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The History of SEI’s BATT

July 30, 2018

Transporting large quantities of fuel to remote sites is a challenge faced across the globe. Notably so in areas of Canada, where the terrain doesn’t allow for ground transport of fuels. And the same is true throughout the world.

 

Bulk transport of fuel had, until recently, been transported by flying oil drums to the location. Oil drums present a slew of negative effects for the environment, logistics, and economics. They have a high chance of spills and leaking. They can often be abandoned after use to avoid the cumbersome and costly destruction. They can often cause damage to the inside of crafts if they are not secured properly during flight. Once the fuel reaches its destination, the empty drums need to be flown back out of the site, effectively doubling the cost of fuel delivery.

 

Known for their ability to solve problems, long-time customers of SEI Industries asked the team to engineer something that could solve this one. SEI, however, turned it down. Nothing like this had been done before. It seemed an incredible engineering feat. When the question was raised again, SEI refused a second time.

 

On the third request, presented by a South American law enforcement agency, SEI’s team got to work. They had to overcome significant engineering hurdles. However, in 2010, they began work on the Bulk Aviation Transport Tank, or BATT. Certain things were clear from early requests: single-walled ground tanks, without baffles, sloshed their contents around in flight. Tanks that were ill-fitted to the craft also moved around enough to cause significant friction that often resulted in damage to the shell and even leakage. By the end of the year, they had created a double-walled collapsible fuel transport tank, made from proprietary fabric, with baffles to minimize liquid dynamics. The outer wall is made of abrasion-resistant material and comes equipped with restraining straps to help the Tank withstand strong G-forces. The inner wall is made of fuel-specific materials, optimized dependent on the type of fuel to be carried.

Initially, BATTs were produced in two variants: one for fixed wing aircraft, and one for helicopters. Eventually there would be 20 different size variants, designed specifically for the aircraft it is being used in. This ensures a precise fit and maximizes the load-carrying capacity of the craft.

Once the tank is emptied, it can be collapsed and stored, freeing up most of the craft; this is in stark contrast to an aircraft full of empty oil drums.

 

In 2010, the first order supplied new BATTs to the Colombian Military, where they support remote bases that are used to combat narcotics trafficking.

In 2011, the Tank was approved by Transport Canada. SEI were the very first organization to receive a Transportation of Dangerous Goods Equivalency Certificate (SA 10638). This allowed operators to use a BATT without having to apply and be approved for special permits.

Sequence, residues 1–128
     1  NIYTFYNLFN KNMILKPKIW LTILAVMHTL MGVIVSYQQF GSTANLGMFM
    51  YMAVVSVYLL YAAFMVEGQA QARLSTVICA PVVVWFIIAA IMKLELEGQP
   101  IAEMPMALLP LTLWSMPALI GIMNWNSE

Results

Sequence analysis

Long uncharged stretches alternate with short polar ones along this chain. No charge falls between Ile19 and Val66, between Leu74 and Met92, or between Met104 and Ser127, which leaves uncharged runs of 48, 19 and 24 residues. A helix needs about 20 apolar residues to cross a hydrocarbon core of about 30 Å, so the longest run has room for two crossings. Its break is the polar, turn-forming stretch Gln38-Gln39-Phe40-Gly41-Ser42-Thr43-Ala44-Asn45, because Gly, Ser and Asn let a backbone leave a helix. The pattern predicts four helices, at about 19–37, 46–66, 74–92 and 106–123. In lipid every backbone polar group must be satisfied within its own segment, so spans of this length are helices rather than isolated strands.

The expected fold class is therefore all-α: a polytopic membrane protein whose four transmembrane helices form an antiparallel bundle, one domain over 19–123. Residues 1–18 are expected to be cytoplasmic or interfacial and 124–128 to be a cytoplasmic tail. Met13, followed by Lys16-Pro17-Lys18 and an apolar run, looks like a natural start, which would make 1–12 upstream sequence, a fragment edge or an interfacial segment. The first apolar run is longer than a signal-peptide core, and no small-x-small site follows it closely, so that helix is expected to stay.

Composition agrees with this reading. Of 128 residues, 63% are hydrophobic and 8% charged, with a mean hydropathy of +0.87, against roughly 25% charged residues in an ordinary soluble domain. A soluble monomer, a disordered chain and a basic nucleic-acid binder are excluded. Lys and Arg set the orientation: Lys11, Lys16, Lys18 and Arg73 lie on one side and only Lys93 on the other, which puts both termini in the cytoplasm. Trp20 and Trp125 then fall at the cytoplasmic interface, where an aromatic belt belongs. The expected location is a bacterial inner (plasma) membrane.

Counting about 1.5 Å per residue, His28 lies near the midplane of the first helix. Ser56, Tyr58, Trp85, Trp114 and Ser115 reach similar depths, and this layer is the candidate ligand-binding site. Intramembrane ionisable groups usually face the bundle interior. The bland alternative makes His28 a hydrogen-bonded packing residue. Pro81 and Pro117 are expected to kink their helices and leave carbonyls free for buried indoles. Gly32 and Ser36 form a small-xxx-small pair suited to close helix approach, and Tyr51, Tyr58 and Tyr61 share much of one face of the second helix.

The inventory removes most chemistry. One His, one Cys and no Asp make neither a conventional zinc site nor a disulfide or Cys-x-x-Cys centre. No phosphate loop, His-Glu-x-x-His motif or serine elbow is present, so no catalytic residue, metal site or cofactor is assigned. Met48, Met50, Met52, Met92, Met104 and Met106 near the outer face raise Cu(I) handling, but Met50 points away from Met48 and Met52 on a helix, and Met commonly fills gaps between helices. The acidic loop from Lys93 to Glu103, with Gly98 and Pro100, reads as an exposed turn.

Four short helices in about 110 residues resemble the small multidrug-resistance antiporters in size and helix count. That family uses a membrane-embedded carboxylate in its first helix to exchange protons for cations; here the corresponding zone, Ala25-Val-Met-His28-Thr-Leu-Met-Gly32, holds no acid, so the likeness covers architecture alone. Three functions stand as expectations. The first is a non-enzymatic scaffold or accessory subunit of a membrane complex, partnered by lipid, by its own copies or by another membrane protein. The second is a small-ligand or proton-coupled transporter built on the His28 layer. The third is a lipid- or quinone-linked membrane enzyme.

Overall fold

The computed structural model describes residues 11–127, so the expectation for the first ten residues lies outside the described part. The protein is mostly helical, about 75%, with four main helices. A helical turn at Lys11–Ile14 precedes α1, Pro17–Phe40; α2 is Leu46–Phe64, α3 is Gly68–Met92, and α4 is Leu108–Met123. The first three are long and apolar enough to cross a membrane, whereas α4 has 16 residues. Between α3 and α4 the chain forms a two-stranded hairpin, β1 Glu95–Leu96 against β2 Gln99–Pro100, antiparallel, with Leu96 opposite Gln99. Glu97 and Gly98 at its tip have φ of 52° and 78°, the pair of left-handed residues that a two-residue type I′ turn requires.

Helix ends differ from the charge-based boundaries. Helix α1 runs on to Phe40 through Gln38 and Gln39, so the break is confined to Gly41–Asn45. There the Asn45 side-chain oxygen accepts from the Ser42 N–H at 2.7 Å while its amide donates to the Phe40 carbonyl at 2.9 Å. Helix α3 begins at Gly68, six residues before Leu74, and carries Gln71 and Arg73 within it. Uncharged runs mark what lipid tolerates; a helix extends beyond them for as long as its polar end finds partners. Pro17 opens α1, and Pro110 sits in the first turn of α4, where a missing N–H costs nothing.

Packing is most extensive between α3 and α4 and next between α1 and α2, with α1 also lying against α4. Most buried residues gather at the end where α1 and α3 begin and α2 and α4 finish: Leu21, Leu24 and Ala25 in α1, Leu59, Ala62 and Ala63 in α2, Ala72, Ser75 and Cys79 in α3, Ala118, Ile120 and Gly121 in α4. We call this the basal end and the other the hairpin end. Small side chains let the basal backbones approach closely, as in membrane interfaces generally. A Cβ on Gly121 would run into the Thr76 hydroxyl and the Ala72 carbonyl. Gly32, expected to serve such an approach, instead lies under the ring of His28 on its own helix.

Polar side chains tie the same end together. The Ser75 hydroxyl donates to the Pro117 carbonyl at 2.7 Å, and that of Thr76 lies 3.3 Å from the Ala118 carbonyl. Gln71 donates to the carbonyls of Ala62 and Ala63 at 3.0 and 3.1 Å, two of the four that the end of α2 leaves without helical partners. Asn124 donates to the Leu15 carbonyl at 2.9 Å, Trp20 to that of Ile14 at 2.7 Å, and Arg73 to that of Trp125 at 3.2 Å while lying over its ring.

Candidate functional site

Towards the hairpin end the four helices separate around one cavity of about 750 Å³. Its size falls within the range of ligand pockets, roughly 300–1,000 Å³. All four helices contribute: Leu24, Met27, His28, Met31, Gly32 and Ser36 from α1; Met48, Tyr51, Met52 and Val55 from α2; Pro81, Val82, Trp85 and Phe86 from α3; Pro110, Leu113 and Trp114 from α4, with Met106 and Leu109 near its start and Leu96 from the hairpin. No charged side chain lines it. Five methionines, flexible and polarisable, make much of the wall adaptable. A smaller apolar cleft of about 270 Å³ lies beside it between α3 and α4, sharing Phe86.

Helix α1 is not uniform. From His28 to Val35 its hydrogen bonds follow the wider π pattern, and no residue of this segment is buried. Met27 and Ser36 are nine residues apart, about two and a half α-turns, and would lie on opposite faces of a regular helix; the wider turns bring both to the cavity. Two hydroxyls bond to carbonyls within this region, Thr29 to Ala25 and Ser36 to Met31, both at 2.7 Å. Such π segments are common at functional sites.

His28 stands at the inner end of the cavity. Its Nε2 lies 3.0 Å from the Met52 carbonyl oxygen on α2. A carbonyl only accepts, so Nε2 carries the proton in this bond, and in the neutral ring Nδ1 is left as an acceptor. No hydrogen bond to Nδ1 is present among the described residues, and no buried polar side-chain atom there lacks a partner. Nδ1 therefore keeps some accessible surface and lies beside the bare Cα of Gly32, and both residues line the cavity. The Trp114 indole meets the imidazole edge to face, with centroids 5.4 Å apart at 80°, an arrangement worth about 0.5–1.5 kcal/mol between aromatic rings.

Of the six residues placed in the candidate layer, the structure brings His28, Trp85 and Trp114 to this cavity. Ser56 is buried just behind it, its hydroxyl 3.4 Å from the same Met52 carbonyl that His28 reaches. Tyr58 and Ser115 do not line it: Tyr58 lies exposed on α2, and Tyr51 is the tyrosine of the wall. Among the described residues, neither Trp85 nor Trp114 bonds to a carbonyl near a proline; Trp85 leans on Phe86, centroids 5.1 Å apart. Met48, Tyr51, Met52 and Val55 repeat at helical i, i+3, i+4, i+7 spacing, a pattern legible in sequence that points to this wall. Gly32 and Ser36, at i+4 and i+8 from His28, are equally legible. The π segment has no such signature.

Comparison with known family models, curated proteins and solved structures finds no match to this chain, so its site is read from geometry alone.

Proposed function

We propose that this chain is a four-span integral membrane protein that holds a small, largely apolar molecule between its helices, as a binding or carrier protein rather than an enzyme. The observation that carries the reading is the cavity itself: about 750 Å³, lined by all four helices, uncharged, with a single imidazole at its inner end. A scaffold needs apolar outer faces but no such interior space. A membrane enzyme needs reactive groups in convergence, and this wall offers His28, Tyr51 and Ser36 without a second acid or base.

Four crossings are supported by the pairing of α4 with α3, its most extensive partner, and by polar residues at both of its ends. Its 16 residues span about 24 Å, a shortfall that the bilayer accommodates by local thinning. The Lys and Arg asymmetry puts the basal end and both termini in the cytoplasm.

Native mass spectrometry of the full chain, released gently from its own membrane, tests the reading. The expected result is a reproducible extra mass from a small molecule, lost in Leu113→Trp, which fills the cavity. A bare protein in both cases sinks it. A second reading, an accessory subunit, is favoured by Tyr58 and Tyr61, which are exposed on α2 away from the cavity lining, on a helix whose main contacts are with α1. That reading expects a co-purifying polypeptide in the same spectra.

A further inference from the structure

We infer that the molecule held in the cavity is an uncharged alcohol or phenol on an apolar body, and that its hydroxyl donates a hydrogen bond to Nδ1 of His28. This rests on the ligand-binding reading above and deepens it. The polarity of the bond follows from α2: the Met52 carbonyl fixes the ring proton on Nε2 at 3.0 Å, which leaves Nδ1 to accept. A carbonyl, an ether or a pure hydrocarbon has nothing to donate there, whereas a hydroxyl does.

Subsequently, the BATT won four industry awards: the Canadian Manufacturers & Exporters (CME) in collaboration with the National Research Council of Canada Industrial Research Assistance Program (NRC-IRAP)’s Awards for innovative new technology both regionally and nationally in 2011, and an international outstanding achievement award in Industrial Fabrics Association International’s Technical category and an honors program award in IFAI’s industrial applications category in 2012.

 

Today, the BATT is used by carriers across five continents: North and South America, Asia, Africa and Europe. SEI’s teams are always trying to improve, and many new modifications are in the works.

NEW PRODUCT: High-flow spill filtration in a compact lightweight package!

March 16, 2017

SEI Industries chose the recent PDAC 2017 tradeshow to unveil its latest spill prevention product, the Spill Monkey. Offering a number of advantages over existing models, the Spill Money acts as a hydrocarbon capture device to prevent contaminates from a spill reaching the surrounding environment.

“With its patented filter media and unique design, Spill Monkey is a robust reliable guard for berms and a great barrier against oil and hydrocarbon contamination,” says Paul Reichard, SEI’s Remote Site/Environmental division manager.

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New sales manager announced for Latin America

October 11, 2016

SEI Industries is delighted to welcome César Guerra to its global sales team, replacing Eduardo Suzin. César brings more than 20 years of successful sales experience and account management using a personable and consultative approach to meeting customer needs.

“I look forward to forging meaningful working relationships with clients at all levels,” says Guerra, who will manage Latin America sales for both Remote Site and Aerial product lines (including Bambi, Dragon and Premo products).

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First-ever certified fuel storage bladders available

May 3, 2016

Certified Bladder Tanks